President Obama is hailing a U.S. manufacturing sector that recently managed to add jobs after being dormant since 1990. Significant investments in US manufacturing capacity, such as the $4 billion Dow Chemical, $32 million Flextronics and $600 million Airbus planned investments, suggest that big corporations are seeing benefits to invest in manufacturing capacity in the US at the expense of upgrading or building new facilities in developing countries. What’s behind this apparent “reversal of trend”?
Read the outcome of L.E.K. Consulting’s study involving decision makers from 10 manufacturing industries in the U.S.:
“The media has been full of reports lately about a renaissance in U.S. manufacturing. The cheerleaders cite an array of heartening examples, including a $4 billion investment by Dow Chemical to boost its ethylene and propylene capacity on the U.S. Gulf Coast, an announcement by Flextronics of plans to create a $32 million product innovation center in Silicon Valley, and a decision by Airbus to build a $600 million assembly line in Alabama for its jetliners. These stories have prompted much talk about the “reshoring” of manufacturing jobs to the U.S. from China and elsewhere. Indeed, President Obama recently hailed “a manufacturing sector that’s adding jobs for the first time since the 1990s.”http://blogs.hbr.org/2014/06/the-rebirth-of-u-s-manufacturing-myth-or-reality/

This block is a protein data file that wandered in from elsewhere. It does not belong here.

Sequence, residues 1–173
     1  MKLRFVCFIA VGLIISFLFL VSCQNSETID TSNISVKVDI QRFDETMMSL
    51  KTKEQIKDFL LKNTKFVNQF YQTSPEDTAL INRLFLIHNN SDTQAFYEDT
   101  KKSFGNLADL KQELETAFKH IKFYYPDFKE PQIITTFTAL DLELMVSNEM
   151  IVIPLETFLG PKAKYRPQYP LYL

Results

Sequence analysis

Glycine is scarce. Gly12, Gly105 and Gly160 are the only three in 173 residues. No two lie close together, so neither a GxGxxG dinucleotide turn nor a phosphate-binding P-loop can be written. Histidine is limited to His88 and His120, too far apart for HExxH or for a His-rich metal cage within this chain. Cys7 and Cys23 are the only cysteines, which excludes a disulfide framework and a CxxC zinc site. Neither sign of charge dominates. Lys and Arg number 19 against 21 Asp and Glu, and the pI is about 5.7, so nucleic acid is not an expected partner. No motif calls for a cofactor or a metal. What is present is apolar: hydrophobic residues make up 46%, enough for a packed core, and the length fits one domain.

It makes sense that going forward, the majority of commoditised products will still be manufactured in countries where labour cost is significantly lower – whereas sophisticated manufacturing that requires advanced skills and facilities such as 3-D printing be moved closer to the experts, to avoid any delays the development process.
So, it seems that growth in complex industries is in the American horizon specifically in the field of defence and aerospace.
Image Source: Infographic
Insights by: Jürgen Strauss